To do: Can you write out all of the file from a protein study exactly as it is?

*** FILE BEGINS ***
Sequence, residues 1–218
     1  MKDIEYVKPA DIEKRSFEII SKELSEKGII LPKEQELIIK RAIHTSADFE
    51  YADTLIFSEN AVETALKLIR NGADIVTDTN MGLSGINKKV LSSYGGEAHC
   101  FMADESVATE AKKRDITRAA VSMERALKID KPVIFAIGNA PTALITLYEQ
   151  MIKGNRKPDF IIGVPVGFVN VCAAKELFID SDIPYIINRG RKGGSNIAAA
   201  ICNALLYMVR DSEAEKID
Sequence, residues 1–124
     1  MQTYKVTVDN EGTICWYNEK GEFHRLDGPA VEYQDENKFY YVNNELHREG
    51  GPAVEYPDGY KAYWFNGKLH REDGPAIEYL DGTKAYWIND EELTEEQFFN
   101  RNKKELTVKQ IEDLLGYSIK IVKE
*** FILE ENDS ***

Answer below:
Sequence, residues 1–218
     1  MKDIEYVKPA DIEKRSFEII SKELSEKGII LPKEQELIIK RAIHTSADFE
    51  YADTLIFSEN AVETALKLIR NGADIVTDTN MGLSGINKKV LSSYGGEAHC
   101  FMADESVATE AKKRDITRAA VSMERALKID KPVIFAIGNA PTALITLYEQ
   151  MIKGNRKPDF IIGVPVGFVN VCAAKELFID SDIPYIINRG RKGGSNIAAA
   201  ICNALLYMVR DSEAEKID
Sequence, residues 1–124
     1  MQTYKVTVDN EGTICWYNEK GEFHRLDGPA VEYQDENKFY YVNNELHREG
    51  GPAVEYPDGY KAYWFNGKLH REDGPAIEYL DGTKAYWIND EELTEEQFFN
   101  RNKKELTVKQ IEDLLGYSIK IVKE